Movie review: Benediction - an anthem for the doomed youth of the First World War

Movie Review: Benediction - An Anthem For The Doomed Youth Of The First World War Movie Review: Benediction - An Anthem For The Doomed Youth Of The First World War
Kate Phillips as Hester Gatty and Jack Lowden as Siegfried Sassoon. Photo/Laurence Cendrowicz.
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Damon Smith

Celebrated Liverpudlian writer-director Terence Davies has spoken openly about a fractious relationship with his sexuality, once declaring in a newspaper interview that being gay had ruined his life and he would go to his grave detesting that unchangeable facet of his being.

This inner turmoil is reflected on screen in an artfully composed new picture.

Benediction is an anthem for the doomed youth of the First World War as seen through the eyes of one of England’s great poets, Siegfried Sassoon, who conducted covert relationships with men before he married Hester Gatty in 1933 and raised a son.

Davies’ melancholic character study ricochets, jarringly, between Sassoon in idealistic, closeted youth (played by Jack Lowden) and embittered married life (an acid-tongued Peter Capaldi), loosely stitching together these two timelines with archive material from the Great War and a prosaic voiceover of excerpts from Sassoon’s letters and verse.


Combative dialogue is polished to a lustre as characters trade barbs with glee.

The Death Bed

Some of the film’s best scenes cut back and forth between two actors volleying disdain across a drawing room or dinner table, neither willing to concede until blood has been spilt.

Pacing is deliberately sedate, affording adequate time for Davies’ trademark stylistic flourishes that gently and slowly wash life away, to echo the words of Sassoon’s poem The Death Bed.

As a soldier, Siegfried Sassoon (Lowden) is decorated for bravery but the death of his brother Hamo in 1915 in Gallipoli lights the fuse on a deep-rooted disillusion with the war.

He openly disobeys orders and becomes a vociferous critic of the government’s continuation of the conflict, risking a court marital that would besmirch the family name.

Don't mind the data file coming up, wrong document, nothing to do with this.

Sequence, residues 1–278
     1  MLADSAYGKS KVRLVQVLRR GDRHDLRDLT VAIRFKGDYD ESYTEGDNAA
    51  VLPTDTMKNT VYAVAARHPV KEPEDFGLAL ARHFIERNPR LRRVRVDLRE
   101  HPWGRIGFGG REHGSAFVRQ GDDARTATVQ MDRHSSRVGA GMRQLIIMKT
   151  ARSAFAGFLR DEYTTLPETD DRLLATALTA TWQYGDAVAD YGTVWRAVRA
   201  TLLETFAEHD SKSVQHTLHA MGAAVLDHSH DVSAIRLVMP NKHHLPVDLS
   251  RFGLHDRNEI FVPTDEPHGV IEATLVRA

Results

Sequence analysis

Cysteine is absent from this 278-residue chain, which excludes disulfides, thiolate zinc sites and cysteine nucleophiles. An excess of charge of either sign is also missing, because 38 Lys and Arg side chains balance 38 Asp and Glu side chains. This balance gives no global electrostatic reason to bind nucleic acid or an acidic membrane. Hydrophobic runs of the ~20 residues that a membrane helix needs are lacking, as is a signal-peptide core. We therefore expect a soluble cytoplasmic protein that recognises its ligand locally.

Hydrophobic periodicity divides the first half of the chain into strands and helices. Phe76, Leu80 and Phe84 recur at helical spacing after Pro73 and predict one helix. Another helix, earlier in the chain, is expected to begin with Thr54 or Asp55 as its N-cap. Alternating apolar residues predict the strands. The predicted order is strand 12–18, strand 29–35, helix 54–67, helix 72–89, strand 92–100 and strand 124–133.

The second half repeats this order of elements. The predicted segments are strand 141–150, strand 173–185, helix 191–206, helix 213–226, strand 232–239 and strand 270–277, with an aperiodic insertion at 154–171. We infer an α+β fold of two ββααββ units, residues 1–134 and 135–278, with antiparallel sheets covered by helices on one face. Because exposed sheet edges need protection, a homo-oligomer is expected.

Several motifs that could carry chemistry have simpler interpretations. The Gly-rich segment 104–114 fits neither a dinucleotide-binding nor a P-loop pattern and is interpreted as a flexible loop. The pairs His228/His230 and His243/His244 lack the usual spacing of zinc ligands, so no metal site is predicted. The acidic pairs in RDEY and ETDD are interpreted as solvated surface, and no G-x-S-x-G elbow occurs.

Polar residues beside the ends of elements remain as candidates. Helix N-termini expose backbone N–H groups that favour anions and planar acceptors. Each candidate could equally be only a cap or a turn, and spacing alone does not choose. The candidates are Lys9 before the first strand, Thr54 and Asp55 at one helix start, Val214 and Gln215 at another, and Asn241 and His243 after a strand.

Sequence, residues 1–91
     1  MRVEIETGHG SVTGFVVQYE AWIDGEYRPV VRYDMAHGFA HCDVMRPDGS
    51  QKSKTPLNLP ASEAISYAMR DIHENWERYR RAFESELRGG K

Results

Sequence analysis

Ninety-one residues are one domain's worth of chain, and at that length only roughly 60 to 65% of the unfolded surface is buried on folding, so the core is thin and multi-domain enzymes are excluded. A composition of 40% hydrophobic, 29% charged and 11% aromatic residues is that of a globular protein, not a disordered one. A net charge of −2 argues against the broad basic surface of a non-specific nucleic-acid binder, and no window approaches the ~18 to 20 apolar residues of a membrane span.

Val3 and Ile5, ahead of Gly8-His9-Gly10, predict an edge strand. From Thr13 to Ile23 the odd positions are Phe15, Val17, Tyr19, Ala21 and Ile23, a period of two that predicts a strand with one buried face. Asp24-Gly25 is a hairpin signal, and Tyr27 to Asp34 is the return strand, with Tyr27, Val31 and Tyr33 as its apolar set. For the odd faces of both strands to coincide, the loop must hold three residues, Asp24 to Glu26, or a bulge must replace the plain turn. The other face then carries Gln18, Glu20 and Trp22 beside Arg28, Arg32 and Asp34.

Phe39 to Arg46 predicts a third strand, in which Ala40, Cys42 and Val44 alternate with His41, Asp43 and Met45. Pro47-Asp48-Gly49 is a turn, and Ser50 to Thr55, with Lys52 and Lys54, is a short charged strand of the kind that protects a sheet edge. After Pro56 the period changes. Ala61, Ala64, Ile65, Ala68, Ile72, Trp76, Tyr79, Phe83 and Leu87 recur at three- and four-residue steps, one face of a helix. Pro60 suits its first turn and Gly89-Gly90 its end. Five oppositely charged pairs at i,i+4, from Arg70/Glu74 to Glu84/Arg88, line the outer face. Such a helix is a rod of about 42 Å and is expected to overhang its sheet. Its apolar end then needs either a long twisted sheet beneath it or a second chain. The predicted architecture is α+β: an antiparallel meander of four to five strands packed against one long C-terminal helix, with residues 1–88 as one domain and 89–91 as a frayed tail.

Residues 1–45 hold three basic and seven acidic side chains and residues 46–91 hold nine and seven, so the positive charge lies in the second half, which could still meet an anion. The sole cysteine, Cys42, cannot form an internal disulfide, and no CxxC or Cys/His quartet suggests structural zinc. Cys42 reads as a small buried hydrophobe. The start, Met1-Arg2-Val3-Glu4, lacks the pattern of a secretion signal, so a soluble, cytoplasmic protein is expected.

Psychiatric evaluation

In 1917, Sassoon is transferred to Craiglockhart War Hospital for psychiatric evaluation under Dr Rivers (Ben Daniels).

He meets and mentors fellow poet Wilfred Owen (Matthew Tennyson), who is inspired to pen some of his most famous work including Disabled.

Once the treatment is complete, Sassoon returns to London with good friend Robbie Ross (Simon Russell Beale) and becomes romantically entangled with figures from the capital’s glittering literary and theatre scene including Ivor Novello (Jeremy Irvine), Stephen Tennant (Calam Lynch) and Glen Byam Shaw (Tom Blyth).

Sassoon’s mother (Geraldine James) counsels against a dalliance with Novello – “He’s amusing but unpleasant. It’s his eyes, I think. They’re cruel” – but her son is grimly consigned to a path of disappointment, denial and self-loathing.

Benediction wallows in Sassoon’s misery, powerfully conveyed by Lowden’s committed lead performance, but the fractured chronological structure is a distraction.

Scenes between the older Sassoon, his wife (Gemma Jones) and grown-up son (Richard Goulding) are the real war of attrition here and our fighting spirit wanes significantly before the final victory march. - PA

(12A, 137 mins) Drama/Romance/War. Jack Lowden, Jeremy Irvine, Calam Lynch, Simon Russell Beale, Tom Blyth, Matthew Tennyson, Kate Phillips, Geraldine James, Peter Capaldi, Gemma Jones, Richard Goulding, Ben Daniels. Director: Terence Davies.

Released in Ireland: May 20th

Our rating: 7/10

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